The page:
In a recent online forum a patient described her experience using Tarceva as a therapy for an EGFR mutation negative lung cancer. For those of you familiar with the literature you will know that Lynch and Paez both described the sensitizing mutations that allow patients with certain adenocarcinoma to respond beautifully to the small molecule inhibitors.  The majority of these mutations are found in Exon 19 and Exon 21, within the EGFR domain. Response rates for the EGFR-TKI (gefitinib and erlotinib) clearly favor mutation positive patients. Depending upon the study, mutation positive patients have response rates from 53 – 100 percent, generally around 70 percent, while mutation negative response patients have a response rate of 0 – 25 percent, generally about 10 percent.So why don’t all the mutation positive patients respond and conversely why do some mutation negative patients respond?

The story outlined in this online forum gives some insight. The individual in question carried a rare, and only recently recognized, Exon 18 mutation known as a G719X. This uncommon form of mutation had previously been unknown and few laboratories knew to test for it. Nonetheless, G719X positive patients respond to erlotinib and related agents. Indeed, there may be reason to believe that the more potent irreversible EGFR/HER2 dual inhibitor HKI-272, may be even more selective for this point mutation.

The excellent and durable response described by this individual, would not have been possible had the patient’s first physician followed the rules. That is, had her physician refused to give erlotinib to an (putatively) EGFR mutation negative patient she might well not be here to tell her story. More to the point, her good response (a clinical observation) led to the next level of investigation, namely the identification of this specific EGFR variant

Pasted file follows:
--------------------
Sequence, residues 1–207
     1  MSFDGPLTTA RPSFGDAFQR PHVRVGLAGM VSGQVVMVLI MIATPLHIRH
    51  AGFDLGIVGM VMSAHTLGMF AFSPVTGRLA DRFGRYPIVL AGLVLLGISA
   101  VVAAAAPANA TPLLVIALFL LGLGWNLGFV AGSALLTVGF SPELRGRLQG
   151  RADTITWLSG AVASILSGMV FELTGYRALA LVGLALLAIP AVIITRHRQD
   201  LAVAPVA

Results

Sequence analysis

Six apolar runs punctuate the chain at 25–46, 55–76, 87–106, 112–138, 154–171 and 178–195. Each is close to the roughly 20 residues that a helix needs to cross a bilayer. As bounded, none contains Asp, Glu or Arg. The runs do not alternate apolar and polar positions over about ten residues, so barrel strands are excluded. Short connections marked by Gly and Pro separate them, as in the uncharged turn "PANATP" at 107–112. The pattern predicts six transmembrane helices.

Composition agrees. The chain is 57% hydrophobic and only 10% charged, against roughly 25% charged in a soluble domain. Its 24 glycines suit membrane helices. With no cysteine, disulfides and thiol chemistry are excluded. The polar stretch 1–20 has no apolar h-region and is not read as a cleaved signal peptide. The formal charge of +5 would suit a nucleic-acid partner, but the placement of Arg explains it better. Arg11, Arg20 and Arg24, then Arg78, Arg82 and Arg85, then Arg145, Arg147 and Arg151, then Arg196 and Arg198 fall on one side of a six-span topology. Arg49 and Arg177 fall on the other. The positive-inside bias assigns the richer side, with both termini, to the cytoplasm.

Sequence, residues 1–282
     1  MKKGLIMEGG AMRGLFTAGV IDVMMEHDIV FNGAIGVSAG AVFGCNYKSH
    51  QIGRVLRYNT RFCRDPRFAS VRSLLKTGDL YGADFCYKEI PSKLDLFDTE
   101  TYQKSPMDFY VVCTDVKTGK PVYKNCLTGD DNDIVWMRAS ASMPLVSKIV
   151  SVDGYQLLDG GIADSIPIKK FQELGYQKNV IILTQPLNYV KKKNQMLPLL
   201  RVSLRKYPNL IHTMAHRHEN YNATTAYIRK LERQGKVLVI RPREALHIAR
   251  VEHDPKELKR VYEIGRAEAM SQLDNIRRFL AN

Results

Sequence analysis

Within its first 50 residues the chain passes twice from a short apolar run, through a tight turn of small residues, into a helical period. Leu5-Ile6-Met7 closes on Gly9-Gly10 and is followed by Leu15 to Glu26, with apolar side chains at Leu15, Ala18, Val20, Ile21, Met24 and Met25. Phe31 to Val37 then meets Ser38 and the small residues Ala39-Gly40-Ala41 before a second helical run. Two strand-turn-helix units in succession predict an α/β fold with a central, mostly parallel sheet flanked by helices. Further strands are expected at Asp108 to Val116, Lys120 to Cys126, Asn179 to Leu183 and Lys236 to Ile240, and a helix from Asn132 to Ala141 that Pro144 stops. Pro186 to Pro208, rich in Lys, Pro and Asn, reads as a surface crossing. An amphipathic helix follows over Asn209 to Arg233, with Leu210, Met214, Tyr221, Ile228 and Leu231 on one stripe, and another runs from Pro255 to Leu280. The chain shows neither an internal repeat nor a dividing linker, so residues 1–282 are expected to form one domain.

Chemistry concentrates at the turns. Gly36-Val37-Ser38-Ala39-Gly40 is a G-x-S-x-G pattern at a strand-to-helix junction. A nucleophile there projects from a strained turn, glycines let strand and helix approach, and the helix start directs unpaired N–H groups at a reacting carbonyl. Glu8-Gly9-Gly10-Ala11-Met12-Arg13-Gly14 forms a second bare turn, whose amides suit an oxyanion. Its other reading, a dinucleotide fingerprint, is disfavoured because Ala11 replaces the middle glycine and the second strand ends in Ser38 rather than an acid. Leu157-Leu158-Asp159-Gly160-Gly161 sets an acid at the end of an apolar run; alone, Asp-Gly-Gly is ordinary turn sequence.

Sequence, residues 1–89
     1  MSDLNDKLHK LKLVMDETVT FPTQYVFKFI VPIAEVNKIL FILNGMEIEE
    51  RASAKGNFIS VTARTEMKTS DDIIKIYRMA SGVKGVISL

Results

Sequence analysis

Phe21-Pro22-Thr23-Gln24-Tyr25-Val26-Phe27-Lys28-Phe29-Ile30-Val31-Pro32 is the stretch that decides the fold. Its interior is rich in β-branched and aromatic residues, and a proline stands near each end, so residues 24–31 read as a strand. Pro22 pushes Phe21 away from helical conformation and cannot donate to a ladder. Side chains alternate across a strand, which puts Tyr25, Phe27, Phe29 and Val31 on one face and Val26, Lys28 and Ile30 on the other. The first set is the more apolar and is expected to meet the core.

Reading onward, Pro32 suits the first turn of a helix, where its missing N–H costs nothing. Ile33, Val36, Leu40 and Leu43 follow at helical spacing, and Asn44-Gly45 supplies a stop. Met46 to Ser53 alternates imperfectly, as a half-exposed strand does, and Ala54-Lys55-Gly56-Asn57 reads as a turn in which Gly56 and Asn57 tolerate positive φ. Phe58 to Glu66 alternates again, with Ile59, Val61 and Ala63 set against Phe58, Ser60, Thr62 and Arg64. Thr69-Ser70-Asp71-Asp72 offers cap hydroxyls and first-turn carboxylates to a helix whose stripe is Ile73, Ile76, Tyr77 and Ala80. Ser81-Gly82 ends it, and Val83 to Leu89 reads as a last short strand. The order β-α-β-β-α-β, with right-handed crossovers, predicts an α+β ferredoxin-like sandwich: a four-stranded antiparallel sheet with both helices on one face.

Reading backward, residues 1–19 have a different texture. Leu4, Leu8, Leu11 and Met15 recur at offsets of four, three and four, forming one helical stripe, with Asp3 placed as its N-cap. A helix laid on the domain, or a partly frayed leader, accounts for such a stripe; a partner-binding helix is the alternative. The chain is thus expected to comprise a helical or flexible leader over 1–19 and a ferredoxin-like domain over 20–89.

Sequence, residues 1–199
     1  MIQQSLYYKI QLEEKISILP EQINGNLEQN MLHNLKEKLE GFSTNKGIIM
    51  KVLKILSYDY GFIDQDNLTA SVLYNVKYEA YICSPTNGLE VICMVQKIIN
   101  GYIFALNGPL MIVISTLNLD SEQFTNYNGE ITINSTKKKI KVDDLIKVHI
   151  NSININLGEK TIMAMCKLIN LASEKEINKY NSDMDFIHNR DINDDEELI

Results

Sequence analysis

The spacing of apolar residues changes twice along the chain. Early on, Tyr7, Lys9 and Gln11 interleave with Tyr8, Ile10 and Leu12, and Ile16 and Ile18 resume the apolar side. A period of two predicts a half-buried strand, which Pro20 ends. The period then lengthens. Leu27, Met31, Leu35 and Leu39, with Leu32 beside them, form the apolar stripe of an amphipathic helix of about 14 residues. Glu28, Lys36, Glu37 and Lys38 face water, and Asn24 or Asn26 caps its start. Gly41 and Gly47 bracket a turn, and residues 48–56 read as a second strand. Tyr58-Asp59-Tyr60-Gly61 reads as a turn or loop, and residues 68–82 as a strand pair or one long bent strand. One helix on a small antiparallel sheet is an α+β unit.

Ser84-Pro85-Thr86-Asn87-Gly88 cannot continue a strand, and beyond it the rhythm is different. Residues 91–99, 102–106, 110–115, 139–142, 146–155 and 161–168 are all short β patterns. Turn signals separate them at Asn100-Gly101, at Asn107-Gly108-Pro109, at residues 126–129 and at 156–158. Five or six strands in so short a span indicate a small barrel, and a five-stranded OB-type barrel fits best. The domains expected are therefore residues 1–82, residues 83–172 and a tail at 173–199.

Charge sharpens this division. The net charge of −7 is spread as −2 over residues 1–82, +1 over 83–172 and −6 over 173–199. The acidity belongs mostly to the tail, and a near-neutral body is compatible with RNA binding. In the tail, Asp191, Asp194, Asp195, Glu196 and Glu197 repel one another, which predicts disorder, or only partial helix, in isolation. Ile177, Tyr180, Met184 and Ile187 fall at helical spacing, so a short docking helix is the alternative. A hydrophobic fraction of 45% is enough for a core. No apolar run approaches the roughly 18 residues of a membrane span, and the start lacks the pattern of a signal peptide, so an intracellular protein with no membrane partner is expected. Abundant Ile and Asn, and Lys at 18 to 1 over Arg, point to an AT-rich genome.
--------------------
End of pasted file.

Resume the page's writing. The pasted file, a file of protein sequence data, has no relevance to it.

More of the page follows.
The lessons from this experience are numerous. The first is that cancer biology is complex and, to paraphrase E.O. Wilson, was not put on earth for us to necessarily figure it out. The second, is that molecular biologists can only seek and identify that which they know about apriori.  To wit, if you don’t know about it (G719X) and you don’t have a test for it, and you don’t know to look for it, then it’s a virtual certainty that you aren’t going to find it.

The premise of our work at Rational Therapeutics is that the observation of a biological signal identifies a candidate for therapy whether we understand or recognize the target. Crizotinib was originally developed as a clinical therapy for patients who carried the CMET mutation. Serendipity led to the recognition that the responding subpopulation was actually carrying a heretofore-unrecognized ALK gene rearrangement. Sorafenib was originally evaluated for the treatment of BRAF mutation positive diseases. Yet it was the drug’s cross-reactivity with the VGEF tyrosine kinases that lead to its broad clinical applications. Each of these phenomena represents accidental successes. Were it not for the clinical observation of response in patients, the investigators conducting these trials would have been unlikely to make the discoveries that today provide such good clinical responses in others.

To put it quite simply, these patients and their disease entities educated the molecular biologists.